- CRITTER TALK
As MMA reported a few days ago, a family in the Chicago area recently suffered unspeakable loss in the passing of their 15-year-old daughter, Taylor Stinchcomb, as the result of a rollover accident. Taylor, an animal lover, had learned that her Doberman, Romulus, was diagnosed with cancer, and was distraught that he might be euthanized.
Upset, Taylor and a friend took off in her parents’ minivan with the ill dog. Her friend took the wheel when Taylor was too emotional to drive, but lost control of the vehicle. Both Taylor and Romulus were killed in the crash.
There are some tragedies that are too great to fathom, and I was moved by this story, as I’m sure were many of our readers. In thinking about what might be done to show support for the victim’s loved ones during this difficult time, I reached out to ask whether there is any charity particularly significant to her family. They identified the shelter from which Romulus had been adopted.
I know there are a lot of animal lovers out there, and wanted to share this information with the community in case they were moved to contribute. If you are interested in making a donation in memory of the victim and her furry friend, you can do so at Safe Harbor Humane Society. When given the chance to review your donation, you have the opportunity to add “special instructions to the seller”–consider including the message “In memory of Taylor Stinchcomb and Romulus.”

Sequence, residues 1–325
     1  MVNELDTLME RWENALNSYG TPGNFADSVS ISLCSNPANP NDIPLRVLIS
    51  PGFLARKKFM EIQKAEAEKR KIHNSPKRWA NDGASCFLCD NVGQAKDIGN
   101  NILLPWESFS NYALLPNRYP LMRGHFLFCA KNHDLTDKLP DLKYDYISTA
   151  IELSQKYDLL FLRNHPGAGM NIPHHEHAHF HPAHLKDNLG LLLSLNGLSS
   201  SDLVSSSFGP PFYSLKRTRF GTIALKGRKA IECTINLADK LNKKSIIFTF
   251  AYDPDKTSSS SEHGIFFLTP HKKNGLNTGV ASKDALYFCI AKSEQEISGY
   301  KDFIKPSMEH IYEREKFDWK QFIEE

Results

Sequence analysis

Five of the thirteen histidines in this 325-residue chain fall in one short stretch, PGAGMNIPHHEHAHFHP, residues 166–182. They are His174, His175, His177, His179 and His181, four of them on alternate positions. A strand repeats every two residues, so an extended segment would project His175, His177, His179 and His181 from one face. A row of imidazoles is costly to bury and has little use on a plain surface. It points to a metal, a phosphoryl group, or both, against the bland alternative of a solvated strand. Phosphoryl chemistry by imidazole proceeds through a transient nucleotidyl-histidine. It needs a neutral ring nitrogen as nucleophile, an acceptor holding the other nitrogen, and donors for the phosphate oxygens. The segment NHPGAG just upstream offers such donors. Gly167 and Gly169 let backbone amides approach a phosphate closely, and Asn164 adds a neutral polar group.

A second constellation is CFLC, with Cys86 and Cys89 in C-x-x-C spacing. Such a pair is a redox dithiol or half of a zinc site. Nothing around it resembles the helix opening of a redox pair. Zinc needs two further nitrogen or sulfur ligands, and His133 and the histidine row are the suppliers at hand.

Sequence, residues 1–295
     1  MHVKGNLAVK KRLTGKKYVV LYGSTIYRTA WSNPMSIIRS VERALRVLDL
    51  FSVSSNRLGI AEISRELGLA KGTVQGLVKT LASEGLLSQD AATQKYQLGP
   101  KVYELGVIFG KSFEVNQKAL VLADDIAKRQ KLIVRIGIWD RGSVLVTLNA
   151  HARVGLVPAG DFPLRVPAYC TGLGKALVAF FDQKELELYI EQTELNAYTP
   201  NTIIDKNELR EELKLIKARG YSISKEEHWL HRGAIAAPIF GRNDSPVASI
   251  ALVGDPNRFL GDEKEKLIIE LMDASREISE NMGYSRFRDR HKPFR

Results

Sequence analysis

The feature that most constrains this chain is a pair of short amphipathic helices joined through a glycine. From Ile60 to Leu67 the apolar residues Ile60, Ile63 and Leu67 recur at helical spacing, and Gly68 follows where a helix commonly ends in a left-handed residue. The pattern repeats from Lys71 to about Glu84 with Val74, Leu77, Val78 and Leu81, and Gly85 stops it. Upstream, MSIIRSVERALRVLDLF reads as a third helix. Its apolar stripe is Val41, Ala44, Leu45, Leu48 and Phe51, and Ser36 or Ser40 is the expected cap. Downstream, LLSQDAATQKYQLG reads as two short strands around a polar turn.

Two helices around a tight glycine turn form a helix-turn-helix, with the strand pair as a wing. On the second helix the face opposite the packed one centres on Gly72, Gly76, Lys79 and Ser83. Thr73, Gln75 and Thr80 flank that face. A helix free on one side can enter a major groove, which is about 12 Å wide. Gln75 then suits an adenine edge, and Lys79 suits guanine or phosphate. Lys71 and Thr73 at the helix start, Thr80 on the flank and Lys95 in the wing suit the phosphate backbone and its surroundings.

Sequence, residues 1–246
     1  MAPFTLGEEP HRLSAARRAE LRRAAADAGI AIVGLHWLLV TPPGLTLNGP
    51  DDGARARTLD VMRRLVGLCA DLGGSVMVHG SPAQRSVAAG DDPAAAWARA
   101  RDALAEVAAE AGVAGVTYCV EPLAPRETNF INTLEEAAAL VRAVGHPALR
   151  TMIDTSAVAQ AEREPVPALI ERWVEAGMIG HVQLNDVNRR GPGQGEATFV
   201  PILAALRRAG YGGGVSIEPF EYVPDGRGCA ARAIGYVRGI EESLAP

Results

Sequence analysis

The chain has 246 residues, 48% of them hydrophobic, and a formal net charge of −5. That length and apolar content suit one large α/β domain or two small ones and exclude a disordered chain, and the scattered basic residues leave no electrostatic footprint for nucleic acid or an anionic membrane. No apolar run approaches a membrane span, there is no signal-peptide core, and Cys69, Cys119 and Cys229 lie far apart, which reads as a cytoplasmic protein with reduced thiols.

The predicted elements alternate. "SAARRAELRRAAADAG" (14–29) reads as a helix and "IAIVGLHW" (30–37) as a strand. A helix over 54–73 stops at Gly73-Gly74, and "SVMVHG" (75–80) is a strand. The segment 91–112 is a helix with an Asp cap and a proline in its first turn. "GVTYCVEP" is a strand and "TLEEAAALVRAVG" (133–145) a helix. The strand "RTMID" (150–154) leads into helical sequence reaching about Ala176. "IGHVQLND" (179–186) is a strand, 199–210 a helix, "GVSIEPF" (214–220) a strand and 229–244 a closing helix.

Let’s see what kind of show of support we can make for the family during this difficult time, and help our furry friends at the same time.
: a theory holding that the self can know nothing but its own modifications and that the self is the only existent thing; also : extreme egocentrism
Did You Know?
French philosopher René Descartes (1596-1650) can be blamed for the idea that if one whittles away beliefs about which one cannot be certain, one will eventually land at the existence of the self as a singular certainty; however, he cannot be blamed for either the word solipsism or the theory it refers to. (Descartes avoided falling into solipsism by positing that ideas known with the same clarity as the existence of the self is known must also be true.) Philosophical application of the word likely owes something to the French translation of a satiric work written by Venetian scholar Giulio Clemente Scotti in 1645 called Monarchia Solipsorum —in French, La Monarchie des Solipses. The pertinent term is a composite of the Latin solus ("alone") and ipse ("self").